Your Vote Ohio

Credit YOUR VOTE OHIO

Reconnecting You with the Political Process
Elections in the U.S. are supposed to be about choosing the person you feel best addresses your concerns and can do the job.  However, all too often these days, it's the candidates and their campaigns who are deciding what they believe are the driving issues, not the voters.  During the 2016 elections, the Ohio Media Project will work to shift the focus back to you.  WKSU News is collaborating with newspapers, radio and television stations across the state to give you an opportunity to reengage in the political process and help get your voice heard, because it's Your Vote Ohio.

 

Ways to Connect

Political campaigning and ads are getting more personal than ever, thanks to big data. In Ohio, the Senate campaigns of Rob Portman and Ted Strickland have volunteers whose job is to go door-to-door with iPads and collect data that will be used to create ads specifically targeting you this fall.

Ad lab at the University of Akron
M.L. SCHULTZE / WKSU

Clarification: The list of options for you to check on political ads was incomplete on the earlier version of this story. The complete list is below. Also, Annenberg Public Policy Center of the University of Pennsylvania operates flackcheck and factcheck.org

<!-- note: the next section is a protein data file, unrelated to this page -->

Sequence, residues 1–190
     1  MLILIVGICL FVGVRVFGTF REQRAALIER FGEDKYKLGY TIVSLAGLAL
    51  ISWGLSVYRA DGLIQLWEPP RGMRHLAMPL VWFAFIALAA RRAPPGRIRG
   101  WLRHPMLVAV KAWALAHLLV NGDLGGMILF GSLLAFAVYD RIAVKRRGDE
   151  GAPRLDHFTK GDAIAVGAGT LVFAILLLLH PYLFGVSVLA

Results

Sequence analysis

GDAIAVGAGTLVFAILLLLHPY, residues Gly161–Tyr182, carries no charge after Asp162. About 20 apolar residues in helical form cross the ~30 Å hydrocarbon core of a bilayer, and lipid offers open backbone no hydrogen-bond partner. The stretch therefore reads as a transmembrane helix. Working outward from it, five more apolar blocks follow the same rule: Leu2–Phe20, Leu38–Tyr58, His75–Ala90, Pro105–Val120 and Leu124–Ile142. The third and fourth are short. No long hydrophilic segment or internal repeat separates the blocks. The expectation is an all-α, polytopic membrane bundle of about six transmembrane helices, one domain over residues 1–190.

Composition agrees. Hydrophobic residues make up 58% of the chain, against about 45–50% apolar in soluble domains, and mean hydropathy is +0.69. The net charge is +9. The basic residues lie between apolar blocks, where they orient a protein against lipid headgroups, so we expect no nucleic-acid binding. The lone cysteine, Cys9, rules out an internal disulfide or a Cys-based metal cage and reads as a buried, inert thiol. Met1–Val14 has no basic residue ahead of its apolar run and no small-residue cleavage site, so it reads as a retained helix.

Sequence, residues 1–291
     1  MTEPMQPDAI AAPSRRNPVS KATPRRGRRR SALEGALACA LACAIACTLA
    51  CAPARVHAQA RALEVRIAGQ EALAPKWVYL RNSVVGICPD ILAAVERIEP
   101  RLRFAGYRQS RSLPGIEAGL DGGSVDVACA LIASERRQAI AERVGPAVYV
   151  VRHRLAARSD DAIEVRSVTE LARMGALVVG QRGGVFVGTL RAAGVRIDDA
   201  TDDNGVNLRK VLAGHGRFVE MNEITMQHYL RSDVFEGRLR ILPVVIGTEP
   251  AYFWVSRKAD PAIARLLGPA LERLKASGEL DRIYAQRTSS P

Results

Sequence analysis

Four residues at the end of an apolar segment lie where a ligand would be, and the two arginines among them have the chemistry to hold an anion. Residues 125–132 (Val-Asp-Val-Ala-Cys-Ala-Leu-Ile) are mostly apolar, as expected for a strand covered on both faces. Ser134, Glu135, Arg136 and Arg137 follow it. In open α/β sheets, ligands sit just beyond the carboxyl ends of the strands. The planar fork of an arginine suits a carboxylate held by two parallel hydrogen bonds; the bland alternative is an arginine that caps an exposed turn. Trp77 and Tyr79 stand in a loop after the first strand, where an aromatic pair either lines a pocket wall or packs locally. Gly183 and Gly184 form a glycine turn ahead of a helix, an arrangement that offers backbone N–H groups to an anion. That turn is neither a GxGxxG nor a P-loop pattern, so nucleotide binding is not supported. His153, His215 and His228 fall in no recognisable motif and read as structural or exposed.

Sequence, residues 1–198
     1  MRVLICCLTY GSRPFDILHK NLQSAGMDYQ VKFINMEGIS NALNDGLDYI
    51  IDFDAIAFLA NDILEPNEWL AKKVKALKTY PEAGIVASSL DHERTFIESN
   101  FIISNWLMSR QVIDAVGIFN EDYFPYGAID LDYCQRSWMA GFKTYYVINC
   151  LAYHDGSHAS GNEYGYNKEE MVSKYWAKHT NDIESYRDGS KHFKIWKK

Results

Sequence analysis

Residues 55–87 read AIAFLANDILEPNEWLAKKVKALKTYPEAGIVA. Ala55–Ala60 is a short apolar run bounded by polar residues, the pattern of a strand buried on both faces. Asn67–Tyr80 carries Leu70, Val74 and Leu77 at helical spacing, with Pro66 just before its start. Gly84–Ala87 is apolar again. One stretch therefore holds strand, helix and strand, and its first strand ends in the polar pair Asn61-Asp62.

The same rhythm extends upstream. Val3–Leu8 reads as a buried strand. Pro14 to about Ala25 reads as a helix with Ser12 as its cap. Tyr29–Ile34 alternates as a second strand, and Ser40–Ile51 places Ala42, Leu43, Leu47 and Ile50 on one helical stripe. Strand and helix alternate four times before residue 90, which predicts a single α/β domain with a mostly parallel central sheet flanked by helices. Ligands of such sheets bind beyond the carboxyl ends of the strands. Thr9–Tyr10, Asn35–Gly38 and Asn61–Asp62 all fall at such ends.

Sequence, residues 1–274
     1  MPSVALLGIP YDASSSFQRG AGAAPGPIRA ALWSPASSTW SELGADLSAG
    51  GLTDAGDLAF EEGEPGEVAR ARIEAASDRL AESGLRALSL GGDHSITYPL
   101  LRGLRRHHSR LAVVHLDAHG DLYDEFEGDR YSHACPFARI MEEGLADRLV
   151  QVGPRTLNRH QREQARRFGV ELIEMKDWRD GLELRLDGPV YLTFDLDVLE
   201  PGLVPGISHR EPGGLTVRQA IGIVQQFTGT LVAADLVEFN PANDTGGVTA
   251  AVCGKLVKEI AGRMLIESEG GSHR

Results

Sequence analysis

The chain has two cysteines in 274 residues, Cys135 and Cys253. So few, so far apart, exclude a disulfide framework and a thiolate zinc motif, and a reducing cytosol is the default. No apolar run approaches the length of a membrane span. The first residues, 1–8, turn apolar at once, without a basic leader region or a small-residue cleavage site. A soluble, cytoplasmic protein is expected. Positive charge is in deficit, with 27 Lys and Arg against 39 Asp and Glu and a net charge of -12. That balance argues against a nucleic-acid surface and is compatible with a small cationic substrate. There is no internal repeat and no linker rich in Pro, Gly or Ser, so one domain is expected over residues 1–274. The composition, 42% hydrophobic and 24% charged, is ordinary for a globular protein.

Like the cicadas -- only a lot noisier -- political ads are about to blanket Ohio and other swing states. And what’s coming is likely to be more negative, more misleading and more targeted than ever.

PRIORITIES USA

This election cycle, WKSU is teaming with nearly a dozen newspapers, radio and TV stations across Ohio to help re-engage citizens in the political process.

The project YourVoteOhio officially launched on Sunday and included a piece from Toledo Blade political reporter Tom Troy looking at the dynamics of political advertising.

OHIO MEDIA PROJECT

Political ad spending has been growing exponentially in Ohio and nationwide -- especially among the outside groups airing more than 80 percent of the ads in the GOP primaries. WKSU’s M.L. Schultze spoke with the head of one of the groups trying to keep up with the claims made in those ads, as well as those made in speeches, debates and rallies.

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